The Blogging of the President - Seven Days in July

Stirling Newberry says:

Two years ago, in seven days in July, the polished Bush executive machine - which could tilt elections, and send America to an illegal war, unravelled. These seven days in July do not constitute the worst acts of the Bush executive - whose damage bill will run to trillions of dollars. But they do represent the actions which produced an investigation on whose shoals the entire slip of state is foundering on.

What happened in the seven days in July - between 8 July 2003 and 14 July 2003 - which caused them to so fatally miscalculate the boundaries?

...whistleblowing in the wake of 911 has died a quiet death. No one has ever explained how waves of evidence washed up on FBI headquarters and was left unnoticed, in no small part because much of it was ignored by people who had been told to do something else. Their lives would be ruined for following orders. Not possible in organizations to penalize people for doing what they are told, even if it breaks the rules, since bosses want to be able to give that kind of order.

Every so often, particularly in a corrupt organization, someone has to fall on their sword to protect the organization... Plame is the moment when a lot of people are being asked to take the shaft.

The attempt to blame "bad intelligence" for WMD, particularly when CIA has already been put underneath a new neo-con master who reports directly to the political authority rather than the executive authority - created the first incentive not to go along.

But without Fitzgerald, and the judges that have backed his investigation, the CIA leaks would be the nibbling of anonymice at the corners. They would not be important, except to feed the doubts of those who already doubted. Fitzgerald and others have clearly found wrong doing which they cannot stomach, and which Fitzgerald's bosses at Justice can't can without fear of consequences. Simply put, too much is floating around, and should the investigation be terminated, it will all come out...

So that is why the Seven days are being used as the political primary to explode the host of doubts about the direction of the country.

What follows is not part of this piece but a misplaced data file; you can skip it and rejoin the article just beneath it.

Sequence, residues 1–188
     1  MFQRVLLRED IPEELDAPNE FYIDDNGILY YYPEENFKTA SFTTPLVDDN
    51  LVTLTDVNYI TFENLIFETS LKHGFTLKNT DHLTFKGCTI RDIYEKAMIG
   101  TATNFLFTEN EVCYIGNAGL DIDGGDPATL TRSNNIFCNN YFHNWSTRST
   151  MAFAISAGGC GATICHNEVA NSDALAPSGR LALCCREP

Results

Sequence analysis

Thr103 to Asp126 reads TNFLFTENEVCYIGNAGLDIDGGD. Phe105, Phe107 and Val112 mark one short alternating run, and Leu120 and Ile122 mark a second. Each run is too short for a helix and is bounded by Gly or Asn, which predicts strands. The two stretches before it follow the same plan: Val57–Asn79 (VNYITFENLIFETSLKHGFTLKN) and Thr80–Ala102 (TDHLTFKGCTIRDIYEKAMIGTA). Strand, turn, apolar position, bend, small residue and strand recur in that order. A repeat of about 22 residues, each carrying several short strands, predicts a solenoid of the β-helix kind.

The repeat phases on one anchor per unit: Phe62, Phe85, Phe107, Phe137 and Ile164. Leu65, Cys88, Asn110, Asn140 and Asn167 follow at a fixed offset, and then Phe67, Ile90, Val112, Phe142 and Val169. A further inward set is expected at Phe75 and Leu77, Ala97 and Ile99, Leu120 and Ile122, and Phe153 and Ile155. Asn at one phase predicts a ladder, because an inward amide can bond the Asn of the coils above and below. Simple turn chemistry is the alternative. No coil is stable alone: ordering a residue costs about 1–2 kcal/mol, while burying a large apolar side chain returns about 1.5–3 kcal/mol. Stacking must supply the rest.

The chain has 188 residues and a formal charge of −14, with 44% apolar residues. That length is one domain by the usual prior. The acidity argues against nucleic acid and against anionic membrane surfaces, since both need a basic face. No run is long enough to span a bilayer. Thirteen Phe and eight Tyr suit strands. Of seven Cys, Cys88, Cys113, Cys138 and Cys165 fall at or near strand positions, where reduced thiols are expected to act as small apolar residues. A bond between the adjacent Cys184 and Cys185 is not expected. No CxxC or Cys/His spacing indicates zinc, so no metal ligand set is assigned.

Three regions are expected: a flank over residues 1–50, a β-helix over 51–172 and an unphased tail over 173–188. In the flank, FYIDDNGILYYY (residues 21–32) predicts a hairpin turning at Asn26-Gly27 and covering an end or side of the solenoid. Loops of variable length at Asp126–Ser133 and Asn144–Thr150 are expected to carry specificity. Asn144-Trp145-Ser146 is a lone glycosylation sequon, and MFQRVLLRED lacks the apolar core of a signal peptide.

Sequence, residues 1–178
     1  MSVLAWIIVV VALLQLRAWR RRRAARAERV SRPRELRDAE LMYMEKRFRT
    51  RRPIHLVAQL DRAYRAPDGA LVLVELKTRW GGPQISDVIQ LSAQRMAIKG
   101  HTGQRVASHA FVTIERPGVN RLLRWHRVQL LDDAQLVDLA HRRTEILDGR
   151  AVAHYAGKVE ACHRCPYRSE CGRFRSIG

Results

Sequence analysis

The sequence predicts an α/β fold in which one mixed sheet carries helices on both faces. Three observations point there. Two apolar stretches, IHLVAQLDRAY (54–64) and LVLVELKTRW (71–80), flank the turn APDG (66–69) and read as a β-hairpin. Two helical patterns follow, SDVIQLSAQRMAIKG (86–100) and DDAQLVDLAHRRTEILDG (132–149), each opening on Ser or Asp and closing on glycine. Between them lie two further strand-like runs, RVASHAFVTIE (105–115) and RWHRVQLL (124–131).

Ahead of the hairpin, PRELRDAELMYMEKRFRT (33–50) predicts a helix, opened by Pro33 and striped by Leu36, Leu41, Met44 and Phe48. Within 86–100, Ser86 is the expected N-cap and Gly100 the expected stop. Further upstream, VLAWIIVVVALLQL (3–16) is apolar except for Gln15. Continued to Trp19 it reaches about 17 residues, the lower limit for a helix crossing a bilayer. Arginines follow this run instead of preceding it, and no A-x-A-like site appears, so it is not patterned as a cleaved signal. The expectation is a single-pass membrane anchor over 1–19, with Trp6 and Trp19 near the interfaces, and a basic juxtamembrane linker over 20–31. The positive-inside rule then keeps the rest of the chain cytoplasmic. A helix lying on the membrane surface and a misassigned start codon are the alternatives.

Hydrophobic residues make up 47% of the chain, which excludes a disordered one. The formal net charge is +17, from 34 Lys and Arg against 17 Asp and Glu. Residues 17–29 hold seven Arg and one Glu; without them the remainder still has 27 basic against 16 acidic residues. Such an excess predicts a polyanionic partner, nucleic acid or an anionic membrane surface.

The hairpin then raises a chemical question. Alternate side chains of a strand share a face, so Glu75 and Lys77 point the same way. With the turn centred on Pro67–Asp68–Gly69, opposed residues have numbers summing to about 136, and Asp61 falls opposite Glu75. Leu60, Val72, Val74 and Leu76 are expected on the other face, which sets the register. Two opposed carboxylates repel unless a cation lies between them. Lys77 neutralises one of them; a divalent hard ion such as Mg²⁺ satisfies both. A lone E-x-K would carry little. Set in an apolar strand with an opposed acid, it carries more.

..how a machine that was able to turn the most massive security failure in US history into a 90% approval rating, suddenly stumbled [How indeed ??] - even as the country was largely accepting of Iraq. Remember in July of 2003, America was coming off of a successful insertion of US forces into Iraq, and this lent credibility to everything. The public was willing to give time for "inspections in force".

That there was such a desperation to nail Wilson during this wave of victory means something very simple: the executive branch knew, or was at least reasonably certain, that the hunt for WMD in Iraq, or even credible evidence of a threatening program was a dry hole.

Between over the course of the seven days, dozens of reporters were called, contacted or primed with the information on Wilson and Plame. So many means that it was not a matter of torpedoing Wilson - one would have been enough, and it could have been "drudged" out weeks before - that is handed to a right wing rumor mill and then exploded outward. It means that the entire message rested on torping the entire line of questioning.

This was no sbutle manipulation - no juggling of economic numbers to make growth look good - no quiet leaking on background - this was an invitation to smear Wilson. Since Wilson and Plame are not in possession of the truly leathal pieces of information, it is also clear that the only problem with them was that they were in the way of the message. This was the kind of hasty blitz that is attached to trying to hook someone off the stage...